Wednesday, September 17, 2008

Are You Being Naive -- and Just Plain Stupid -- About Your Online Reputation?

If you do nothing else today, Google yourself.

I do not say this so that you can stroke your own ego by seeing how many "hits" you get. I say this to save your ass.

There's enough instability right now in the economy that everyone -- and I mean everyone -- needs to be in active job-hunting mode. That means in addition to ramping up your networking efforts, you need to immediately take steps to clean up your online footprint.

Last week I sent out a HARO request for my Gannett News Service/ column asking for input on how to manage your online reputation. I received so much good stuff that I couldn't use it all. I also learned some disturbing information during my research: Most people only check out what's online about them several times a year.


That means anyone could be writing snarky comments about you, posting photos of you in a Borak-inspired swimsuit from your last drunken vacation or even making erroneous statements linking you to unethical or illegal activities and -- if you're rarely checking online -- it might be months before you discovered it. By that time, a lot of damage could be done to you professionally.

And that, my friends, could be disastrous at a time like this when we should all be actively promoting ourselves in the marketplace.

So, I'm going to share some really good advice and comments from online reputation management folks that I couldn't fit in my column:

* "Search for your name in Google, Yahoo! and MSN right away. (Google covers most of the Web, but MSN and Yahoo! may pick up web pages that Google missed or ignored.) Learn how to manage your privacy settings within each social network you use. (This is usually hidden away under "profile" or "preferences" tabs.)
-- Nestor G. Trillo, SEO expert, Avaniu Communications

* "Google offers a great service. You can subscribe to alerts, which will provide you with daily notices if your name is used on the Internet. The service is free and worth doing if you have a reputation to protect." --Chris Reich, business advisor,

* "Be transparent - this doesn't mean allow yourself to be trashed. It means fight back with facts. It also means telling the whole story; of using social media as a 'bright light' when dealing with false statements. Have lots of friends - they will come to your rescue and defend you. Don't be something online that you aren't offline. In short, your brand is your brand regardless of the medium." -- Justin Foster, founder/partner, Tricycle

* "We recently interviewed an individual for a C-level position with our company. He interviewed extremely well and the final check we did was his reputation in Google. What we found was alarming, not the least of which was a class action lawsuit against his old company." --Fionn Downhill,CEO,

* "I had a client, Josh Deming (not his real name) who had a reputation as a hard- nosed manager. After losing his position after an acquisition, he found himself in a job search for the first time in a number of years. Because he was highly respected, he thought the search would go quickly. On several occasions, he would get to the final stages prior to hiring with a company showing great enthusiasm, only to suddenly be dropped from consideration.
At this point Josh came to see me. We did a Google search and found that when we searched "Josh Deming", No. 5 in the Google search results was a link to an industry forum page where Josh was being trashed anonymously by some people that had worked for him calling him an unfit manager.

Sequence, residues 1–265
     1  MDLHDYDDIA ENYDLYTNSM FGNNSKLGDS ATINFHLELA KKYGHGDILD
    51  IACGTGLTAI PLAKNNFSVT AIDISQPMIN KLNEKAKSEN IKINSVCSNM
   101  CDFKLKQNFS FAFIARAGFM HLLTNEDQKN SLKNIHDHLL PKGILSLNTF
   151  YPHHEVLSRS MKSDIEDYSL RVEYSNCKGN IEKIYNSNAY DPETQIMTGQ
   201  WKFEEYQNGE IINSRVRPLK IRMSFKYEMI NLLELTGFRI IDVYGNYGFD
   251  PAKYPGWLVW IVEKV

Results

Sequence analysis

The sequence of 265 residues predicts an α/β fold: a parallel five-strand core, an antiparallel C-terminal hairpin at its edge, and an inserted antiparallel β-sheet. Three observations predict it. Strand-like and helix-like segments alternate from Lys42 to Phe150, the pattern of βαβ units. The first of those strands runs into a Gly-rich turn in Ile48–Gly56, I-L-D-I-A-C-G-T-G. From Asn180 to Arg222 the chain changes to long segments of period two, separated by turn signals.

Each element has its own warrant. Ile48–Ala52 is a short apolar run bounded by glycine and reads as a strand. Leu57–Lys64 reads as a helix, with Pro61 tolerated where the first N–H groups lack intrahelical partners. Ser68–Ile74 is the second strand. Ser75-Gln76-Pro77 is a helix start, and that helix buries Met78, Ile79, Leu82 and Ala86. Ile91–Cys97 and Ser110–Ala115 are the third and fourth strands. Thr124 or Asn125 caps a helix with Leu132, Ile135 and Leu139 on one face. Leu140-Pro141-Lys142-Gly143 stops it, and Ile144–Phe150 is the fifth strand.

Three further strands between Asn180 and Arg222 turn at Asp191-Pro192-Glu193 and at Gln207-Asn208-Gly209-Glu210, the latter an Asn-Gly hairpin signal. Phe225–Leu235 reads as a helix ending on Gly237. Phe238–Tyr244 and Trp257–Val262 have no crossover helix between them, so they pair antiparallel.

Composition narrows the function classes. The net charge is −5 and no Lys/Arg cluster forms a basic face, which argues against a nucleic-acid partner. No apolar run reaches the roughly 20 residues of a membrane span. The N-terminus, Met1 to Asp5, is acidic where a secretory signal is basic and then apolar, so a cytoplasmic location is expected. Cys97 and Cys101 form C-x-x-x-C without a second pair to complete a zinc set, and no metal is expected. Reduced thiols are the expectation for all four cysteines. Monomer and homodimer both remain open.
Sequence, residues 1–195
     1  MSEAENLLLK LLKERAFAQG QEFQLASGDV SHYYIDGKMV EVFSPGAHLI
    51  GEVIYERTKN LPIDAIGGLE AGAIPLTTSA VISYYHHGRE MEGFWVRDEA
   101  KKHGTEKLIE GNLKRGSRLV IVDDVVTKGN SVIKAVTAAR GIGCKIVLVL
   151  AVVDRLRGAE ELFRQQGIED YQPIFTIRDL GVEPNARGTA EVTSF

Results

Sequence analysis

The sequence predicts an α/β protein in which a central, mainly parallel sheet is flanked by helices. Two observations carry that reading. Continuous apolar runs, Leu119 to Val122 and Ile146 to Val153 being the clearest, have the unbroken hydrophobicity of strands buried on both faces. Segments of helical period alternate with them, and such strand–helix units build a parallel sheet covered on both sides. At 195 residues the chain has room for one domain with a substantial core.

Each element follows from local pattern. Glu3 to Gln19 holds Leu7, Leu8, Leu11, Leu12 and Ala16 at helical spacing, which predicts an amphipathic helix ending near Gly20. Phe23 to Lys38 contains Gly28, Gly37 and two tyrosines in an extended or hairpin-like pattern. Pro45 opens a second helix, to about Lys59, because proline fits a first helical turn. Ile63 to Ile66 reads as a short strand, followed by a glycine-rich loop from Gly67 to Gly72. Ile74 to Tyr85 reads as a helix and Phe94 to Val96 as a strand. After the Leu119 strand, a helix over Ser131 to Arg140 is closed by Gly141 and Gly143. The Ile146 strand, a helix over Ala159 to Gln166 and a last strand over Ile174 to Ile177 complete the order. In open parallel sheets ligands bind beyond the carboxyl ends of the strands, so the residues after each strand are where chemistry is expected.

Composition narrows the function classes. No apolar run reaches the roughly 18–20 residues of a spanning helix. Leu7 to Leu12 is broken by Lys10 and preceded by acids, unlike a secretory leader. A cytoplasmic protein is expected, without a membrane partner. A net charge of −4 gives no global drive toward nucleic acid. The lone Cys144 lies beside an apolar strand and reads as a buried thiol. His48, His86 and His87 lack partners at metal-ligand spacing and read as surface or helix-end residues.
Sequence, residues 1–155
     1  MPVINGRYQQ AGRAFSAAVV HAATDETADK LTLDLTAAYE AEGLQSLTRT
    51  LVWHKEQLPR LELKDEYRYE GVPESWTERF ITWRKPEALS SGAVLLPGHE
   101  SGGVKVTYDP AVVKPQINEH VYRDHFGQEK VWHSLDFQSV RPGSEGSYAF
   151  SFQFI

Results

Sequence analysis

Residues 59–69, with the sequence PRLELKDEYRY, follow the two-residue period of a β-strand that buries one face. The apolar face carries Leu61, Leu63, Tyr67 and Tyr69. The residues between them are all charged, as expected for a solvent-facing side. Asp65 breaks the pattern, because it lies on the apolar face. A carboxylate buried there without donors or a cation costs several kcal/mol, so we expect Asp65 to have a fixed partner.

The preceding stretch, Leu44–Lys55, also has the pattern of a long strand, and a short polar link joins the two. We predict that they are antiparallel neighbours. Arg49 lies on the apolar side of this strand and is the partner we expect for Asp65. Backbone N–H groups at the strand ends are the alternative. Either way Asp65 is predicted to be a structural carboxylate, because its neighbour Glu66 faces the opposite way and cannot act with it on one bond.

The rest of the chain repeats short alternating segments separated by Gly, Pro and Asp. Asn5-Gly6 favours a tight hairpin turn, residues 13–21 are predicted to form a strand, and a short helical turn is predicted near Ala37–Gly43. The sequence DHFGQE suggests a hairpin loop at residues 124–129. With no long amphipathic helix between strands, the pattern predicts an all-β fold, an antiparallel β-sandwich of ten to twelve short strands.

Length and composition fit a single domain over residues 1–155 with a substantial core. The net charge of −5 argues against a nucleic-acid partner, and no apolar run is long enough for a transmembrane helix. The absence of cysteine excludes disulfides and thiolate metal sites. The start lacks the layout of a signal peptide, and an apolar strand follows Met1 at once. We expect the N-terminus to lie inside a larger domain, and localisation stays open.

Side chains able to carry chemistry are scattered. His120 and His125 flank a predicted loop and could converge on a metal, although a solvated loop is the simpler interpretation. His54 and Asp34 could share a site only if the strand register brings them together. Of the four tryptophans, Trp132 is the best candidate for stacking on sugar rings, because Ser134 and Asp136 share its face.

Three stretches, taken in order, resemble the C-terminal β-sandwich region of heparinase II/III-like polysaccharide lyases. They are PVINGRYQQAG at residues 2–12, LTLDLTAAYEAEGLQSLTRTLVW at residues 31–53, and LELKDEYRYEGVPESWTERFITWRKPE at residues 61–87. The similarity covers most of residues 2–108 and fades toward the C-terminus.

Here's what we did.
1) We changed everything (resume, cover letters, online profiles, etc.) to "Joshua P. Deming", his full name. People will typically Google what is on the resume. When "Joshua P. Deming" was Googled, nothing negative showed up.
2) We took advantage of a few key online profiles. Everyone should take advantage of LinkedIn. Google loves it and for most people, if they have a LinkedIn profile, it will show up first if you Google them. Professionals, executives and managers should also take advantage of and ZoomInfo. All of these are relatively simple, don't require a lot of maintenance, and will boost online visibility.
3) We had Joshua write a book review on his favorite management book and post it on Amazon. This gave the opportunity to show a little thought leadership and demonstrate his management knowledge to help counter the negatives should a potential employer stumble upon the comments in the industry forum.
The result was that within weeks Joshua was hired." -- Don Huse, president/CEO, Venturion

* "...People have to realize that anything you put online stays there and can be used against you. It's all well and fine believing that your Facebook profile can only be viewed by your friends, but what's to stop one of those friends from copying what you write and posting it elsewhere? This recently happened on Twitter. A friend of mine had comments that were made privately, to a closed group of friends, posted on a blog, as part of an post attacking someone else in the marketing field." -- Simon Heseltine, director of search, Serengeti Communications Inc.

What else should someone do to manage their online reputation?


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Wednesday, July 23, 2008

How to Know When It's Time to Take Your Job Off Life Support

You can't exactly put your finger on it, but somehow your job has started sucking the life force out of you.

Every day you feel a little more depressed, a little more like maybe you should just call in sick and sit home and watch "Cash Cab."

Still, the thought of looking for another job is even more depressing. There's the business of writing the resume. You know you'll face rejections. You'll have to go on interviews, and that ranks right up there with with having someone wax your entire body.

OK, maybe things aren't that bad at work, you think. Maybe you will somehow pull yourself out of this rut. After all, it's better to keep bringing home a paycheck than try to get another job when millions of others are trying to do the same thing, right? Who knows...the next job might be even worse.

Not so fast. It may be it's time to consider what your gut is trying to tell you, and it's this: Your job is headed down the toilet.

How to recognize that it's time to get the resume together? Consider these signs:
* The paper trail. I'm always amazed when people don't understand that a case is being built against them whenever they start getting those snarky memos from managers, using words and phrases like "failed" and "falls short" and "not up to standards" and "missed deadlines."